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I read somewhere that when you visit someone you go to their place that they're at. I'm not sure if it applies to a doctor, too.

Considering that you were supposed to go to the doctor's office, is this sentence right?

'The doctor has cancelled your appointment. He won't be able to visit you today.'

If not, when the doctor is supposed to see you at home, can we say he's going to visit you?

  • Note that this might depend on location. In the US, house calls by doctors are pretty much completely obsolete: patients only go to the doctor, not the other way around. But in other places, it may still be common for doctors to go to patients' homes. – 1006a Aug 6 '17 at 23:41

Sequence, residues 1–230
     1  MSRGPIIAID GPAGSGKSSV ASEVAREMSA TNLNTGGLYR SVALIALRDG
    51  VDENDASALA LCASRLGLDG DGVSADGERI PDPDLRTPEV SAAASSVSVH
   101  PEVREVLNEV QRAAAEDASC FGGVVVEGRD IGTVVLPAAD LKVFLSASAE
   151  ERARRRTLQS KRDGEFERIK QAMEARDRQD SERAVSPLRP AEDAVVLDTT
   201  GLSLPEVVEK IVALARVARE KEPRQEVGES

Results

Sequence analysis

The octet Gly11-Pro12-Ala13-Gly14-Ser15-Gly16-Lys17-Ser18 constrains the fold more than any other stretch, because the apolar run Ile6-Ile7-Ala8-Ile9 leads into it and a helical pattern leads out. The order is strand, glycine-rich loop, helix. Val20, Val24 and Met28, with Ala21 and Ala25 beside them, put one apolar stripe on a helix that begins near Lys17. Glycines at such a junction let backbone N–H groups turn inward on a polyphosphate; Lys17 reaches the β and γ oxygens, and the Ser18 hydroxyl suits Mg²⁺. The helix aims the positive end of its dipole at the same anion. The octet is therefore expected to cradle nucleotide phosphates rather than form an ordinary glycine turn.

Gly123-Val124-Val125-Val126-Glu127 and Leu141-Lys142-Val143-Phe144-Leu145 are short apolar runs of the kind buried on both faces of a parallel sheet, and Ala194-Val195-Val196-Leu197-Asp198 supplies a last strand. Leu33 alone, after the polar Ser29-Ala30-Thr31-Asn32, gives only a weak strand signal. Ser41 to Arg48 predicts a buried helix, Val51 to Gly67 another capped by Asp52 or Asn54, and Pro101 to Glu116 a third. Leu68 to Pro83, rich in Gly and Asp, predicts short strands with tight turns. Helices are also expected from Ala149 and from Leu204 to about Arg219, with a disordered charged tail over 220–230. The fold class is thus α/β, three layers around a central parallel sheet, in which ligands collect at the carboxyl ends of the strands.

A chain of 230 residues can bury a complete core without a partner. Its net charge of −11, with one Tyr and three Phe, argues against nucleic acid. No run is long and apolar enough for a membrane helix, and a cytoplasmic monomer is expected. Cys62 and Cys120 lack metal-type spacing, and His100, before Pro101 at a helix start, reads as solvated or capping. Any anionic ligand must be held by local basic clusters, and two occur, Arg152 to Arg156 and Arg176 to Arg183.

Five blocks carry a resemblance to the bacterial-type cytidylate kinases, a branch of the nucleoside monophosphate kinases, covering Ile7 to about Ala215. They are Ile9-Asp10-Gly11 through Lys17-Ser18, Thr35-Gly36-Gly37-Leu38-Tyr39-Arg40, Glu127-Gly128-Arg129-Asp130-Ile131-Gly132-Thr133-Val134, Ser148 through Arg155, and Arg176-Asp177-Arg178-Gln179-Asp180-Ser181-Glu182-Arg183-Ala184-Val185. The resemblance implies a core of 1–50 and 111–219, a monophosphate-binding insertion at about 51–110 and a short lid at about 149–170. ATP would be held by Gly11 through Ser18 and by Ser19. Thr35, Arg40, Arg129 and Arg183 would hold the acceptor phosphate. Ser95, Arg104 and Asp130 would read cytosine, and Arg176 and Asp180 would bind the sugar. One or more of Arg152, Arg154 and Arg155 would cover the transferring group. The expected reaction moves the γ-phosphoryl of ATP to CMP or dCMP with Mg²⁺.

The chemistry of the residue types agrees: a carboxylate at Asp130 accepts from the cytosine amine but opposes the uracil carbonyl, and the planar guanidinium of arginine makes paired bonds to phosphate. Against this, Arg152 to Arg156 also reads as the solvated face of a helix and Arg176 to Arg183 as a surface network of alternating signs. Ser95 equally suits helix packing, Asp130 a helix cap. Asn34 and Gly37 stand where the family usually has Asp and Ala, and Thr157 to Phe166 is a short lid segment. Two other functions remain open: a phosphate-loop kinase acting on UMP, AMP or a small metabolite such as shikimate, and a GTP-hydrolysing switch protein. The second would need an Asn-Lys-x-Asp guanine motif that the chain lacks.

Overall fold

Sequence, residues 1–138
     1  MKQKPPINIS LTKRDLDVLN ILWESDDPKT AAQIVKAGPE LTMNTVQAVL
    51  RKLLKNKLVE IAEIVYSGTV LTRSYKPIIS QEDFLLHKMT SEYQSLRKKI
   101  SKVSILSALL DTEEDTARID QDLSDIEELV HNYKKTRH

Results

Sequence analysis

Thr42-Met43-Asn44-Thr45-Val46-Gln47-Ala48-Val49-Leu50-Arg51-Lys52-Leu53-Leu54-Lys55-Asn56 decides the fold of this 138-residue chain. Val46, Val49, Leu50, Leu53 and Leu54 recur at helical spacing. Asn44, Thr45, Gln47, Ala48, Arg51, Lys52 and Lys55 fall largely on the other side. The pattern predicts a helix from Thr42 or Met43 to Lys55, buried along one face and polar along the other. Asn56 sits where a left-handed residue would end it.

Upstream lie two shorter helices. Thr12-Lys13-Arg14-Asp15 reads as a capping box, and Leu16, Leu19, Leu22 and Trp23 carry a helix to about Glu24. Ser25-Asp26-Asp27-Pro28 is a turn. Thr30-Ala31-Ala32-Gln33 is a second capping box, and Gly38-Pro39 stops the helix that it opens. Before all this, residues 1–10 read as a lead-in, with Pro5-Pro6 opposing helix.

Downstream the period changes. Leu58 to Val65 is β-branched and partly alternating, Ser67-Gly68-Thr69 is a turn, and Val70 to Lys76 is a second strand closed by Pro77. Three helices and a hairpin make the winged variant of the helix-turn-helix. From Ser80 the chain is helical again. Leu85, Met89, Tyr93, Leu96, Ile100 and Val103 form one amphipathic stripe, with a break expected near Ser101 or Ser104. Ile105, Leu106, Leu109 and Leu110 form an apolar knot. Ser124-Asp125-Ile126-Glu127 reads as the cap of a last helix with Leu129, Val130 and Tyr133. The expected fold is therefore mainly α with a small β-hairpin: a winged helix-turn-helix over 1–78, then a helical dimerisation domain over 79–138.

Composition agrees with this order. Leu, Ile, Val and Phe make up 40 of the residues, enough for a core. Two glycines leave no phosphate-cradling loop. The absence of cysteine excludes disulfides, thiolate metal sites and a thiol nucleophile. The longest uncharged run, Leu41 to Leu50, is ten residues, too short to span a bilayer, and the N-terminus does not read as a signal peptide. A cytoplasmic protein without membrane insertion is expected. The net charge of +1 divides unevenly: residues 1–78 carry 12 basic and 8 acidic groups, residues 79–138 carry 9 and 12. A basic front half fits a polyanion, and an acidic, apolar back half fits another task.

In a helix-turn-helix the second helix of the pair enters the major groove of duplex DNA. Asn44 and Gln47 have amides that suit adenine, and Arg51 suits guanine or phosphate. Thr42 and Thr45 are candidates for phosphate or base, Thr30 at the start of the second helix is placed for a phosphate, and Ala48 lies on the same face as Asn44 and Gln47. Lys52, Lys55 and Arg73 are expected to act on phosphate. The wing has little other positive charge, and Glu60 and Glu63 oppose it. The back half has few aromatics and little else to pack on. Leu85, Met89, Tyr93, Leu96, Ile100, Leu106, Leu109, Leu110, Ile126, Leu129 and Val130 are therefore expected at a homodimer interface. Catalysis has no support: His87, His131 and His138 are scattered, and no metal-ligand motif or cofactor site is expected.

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It's an idiomatic usage, but we would say:

The doctor has cancelled your appointment. He won't be able to see you today.

Your example also won't work because it implies he is visiting you (at your house). In this sense, you are visiting him.

| improve this answer | |
  • Sorry I'm not sure if I understand you. So a doctor doesn't visit people, it's people who visit him. Right? – Yuri Aug 7 '17 at 4:38

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